There should be a way to jump something-to-something to force the blower on.
OR - I have the old tstat would that be worth a try.
I am broke - calling a pro is our of the question. a box fan in the air intake s about all that I can afford
Thanks again

Meanwhile, back at the ranch -

I am getting NOTHING in cool mode from the blower - no hum, nothing - back to tstat?
(yes, the slider is set to gas. I have also hit the ‘reset’ button several times at this point

Modern furnaces require small blowers (“draft inducer motors/fans”) to pull the flue gasses through the heat exchanger. That tube is connected to a pressure switch, and should the draft inducer not be working, or the chimney/flue be obstructed, (a birds nest at the top of the chimney is one example) the pressure switch will pick up the fact that there is insufficient draft and turn the burners off. IOW, it’s a safety issue.

Without a doubt, however,** that is not your problem.** (or your fan would work in cooling where none of that comes into play)

Between your thermostat and your furnace are wires (duh) and they may be the problem (although highly unlikely because the problem exists in heating also) so the better “jump” is Red to Green in the furnace. By jumping at that point you’re eliminating the stat and stat wires as potential suspects.


If you’re the handy type and want/need to troubleshoot this yourself, do this:
1)Disconnect the low voltage wires in the furnace.** (remember to defeat the door switch) (the wires coming from the thermostat; those wires.)

2) Jump R to G. Thats fan only. Report back (including any noises) Unjump.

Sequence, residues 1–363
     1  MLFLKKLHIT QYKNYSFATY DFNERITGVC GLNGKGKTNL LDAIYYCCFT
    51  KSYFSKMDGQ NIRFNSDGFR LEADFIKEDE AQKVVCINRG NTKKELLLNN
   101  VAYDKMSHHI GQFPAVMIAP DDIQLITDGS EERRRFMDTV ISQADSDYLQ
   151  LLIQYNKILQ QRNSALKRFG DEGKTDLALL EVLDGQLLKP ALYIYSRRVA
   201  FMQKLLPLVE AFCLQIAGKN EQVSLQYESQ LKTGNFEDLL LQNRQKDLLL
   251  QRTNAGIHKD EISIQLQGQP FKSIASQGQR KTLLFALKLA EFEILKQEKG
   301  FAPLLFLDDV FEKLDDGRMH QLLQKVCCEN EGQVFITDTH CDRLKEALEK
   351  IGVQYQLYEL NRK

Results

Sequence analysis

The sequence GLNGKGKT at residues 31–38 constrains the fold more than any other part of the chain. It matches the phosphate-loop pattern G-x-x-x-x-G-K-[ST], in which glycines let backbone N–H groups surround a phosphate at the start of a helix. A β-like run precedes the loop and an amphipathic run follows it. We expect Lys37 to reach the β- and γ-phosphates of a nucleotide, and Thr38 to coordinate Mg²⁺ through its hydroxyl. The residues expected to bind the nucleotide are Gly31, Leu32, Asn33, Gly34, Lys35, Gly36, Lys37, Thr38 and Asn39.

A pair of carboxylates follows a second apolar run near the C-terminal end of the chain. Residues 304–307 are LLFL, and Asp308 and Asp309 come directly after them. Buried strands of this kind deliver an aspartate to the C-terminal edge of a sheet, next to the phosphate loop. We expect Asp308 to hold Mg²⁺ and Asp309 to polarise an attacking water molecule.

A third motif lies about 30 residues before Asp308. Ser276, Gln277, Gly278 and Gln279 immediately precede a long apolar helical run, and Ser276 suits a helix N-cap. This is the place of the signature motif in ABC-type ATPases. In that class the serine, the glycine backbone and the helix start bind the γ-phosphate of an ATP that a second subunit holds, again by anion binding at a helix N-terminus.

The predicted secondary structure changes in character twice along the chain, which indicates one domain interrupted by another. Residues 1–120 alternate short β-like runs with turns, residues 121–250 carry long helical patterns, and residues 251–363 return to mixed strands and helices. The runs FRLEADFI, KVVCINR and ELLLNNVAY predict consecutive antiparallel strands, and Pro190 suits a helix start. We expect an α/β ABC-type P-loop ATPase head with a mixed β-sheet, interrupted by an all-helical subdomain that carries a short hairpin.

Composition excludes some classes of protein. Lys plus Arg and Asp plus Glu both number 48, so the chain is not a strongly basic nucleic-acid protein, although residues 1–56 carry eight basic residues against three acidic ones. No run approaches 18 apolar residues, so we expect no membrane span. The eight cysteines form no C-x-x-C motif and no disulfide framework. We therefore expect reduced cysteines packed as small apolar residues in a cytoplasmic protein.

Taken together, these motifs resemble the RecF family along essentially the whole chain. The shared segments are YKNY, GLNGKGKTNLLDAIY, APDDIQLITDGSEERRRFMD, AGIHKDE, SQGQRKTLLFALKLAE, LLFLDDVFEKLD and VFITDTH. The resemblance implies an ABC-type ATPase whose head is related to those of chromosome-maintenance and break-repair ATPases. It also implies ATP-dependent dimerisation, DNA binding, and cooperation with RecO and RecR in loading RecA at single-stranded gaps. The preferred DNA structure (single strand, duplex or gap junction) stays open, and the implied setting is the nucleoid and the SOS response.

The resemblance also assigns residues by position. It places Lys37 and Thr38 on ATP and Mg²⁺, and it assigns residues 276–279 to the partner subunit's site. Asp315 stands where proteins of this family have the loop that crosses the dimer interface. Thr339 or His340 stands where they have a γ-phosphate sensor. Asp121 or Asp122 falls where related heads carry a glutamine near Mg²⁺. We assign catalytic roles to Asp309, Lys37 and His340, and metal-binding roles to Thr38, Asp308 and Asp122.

3) Jump R to W Thats heat only. Remember, in heating the thermostat does not turn on the blower----the furnace does; either through a heat sensitive switch or a timer. So…the burners will light and after 1-2 minutes or so the blower should start. If it does not------and the burners shut off------ it’s because the furnace overheated and “high limit” switches shut the burners down.

What that tells us is that the problem is in the motor, capacitor or circuit board.

Do that, and we can tell you how to troubleshoot the circuit board.

red-to green at the furnace pcb produces nothing - not even the hum of a stalled motor.
(of course jumping it to the OTHER red produced a breif hum before tripping the c/b (the other red is, I’m guessing, the one which goes to the condensor.
I’ll call around tomorrow and see if anybody will sell a cap to a civilian then to wal-mart for a 20" box fan…

A box fan in the air intake will damage your condenser in cooling and produce a Very Large repair bill.

A box fan in the air intake will simply kill you in heating.

Not just ineffective, but A Really Bad Thing.


What about R to W?

OK, no box fan
c/b - there is a cute alum. panel with a rocker-switch circuit breaker
R-G fan hums, starts with manual assist (as it does (sometimes) with the tstat in off and fan “on”
R-W burner comes on, shut off with led doing it’s 4-blink (hi temp cutoff)
I did not hear a hum, and a manual assist on the blower immediately prior to it’s trip produced no traction
OK to do the obious with the R-Y + R-G?

If you want, but not necessary. R To Y will bring on the condenser (you’ve stated that is no problem) and obviously the R to G thing is not working.

If the motor will start with a manual assist (be careful not to get hurt by the fan blades!) it seems that it is the capacitor, and possibly the motor.

There is a way to bypass/ troubleshoot the circuit board if you’d like. It involves a wires stripper, wire nuts and an extension cord. I don’t know how much more you’d like to do with this.

At this point my guess:

  1. Cap 50%
  2. Motor 50%

Have you looked at the capacitor? (Be careful with caps! Turn the power off, and short out the cap by placing a screwdriver across the terminals before handling a cap. With the power off!)

The capacitor will have ratings like this: 370 VAC / 5 uf, or something like this.

Caps are inexpensive and a safe bet if you don’t want to call a tech.

Can you get this info?

please say R to G and Y is OK? it’s 80 F in here (the furnace test were not helpful), and I finally have both blower and condensor running simultaneously for the first time today…

Oh! Btw…

If you’ve disconnected all the low voltage wires you’d actually need to jump the wires going out to the condenser: One to R, and the other to C.

Don’t ever jump R to C. Ever.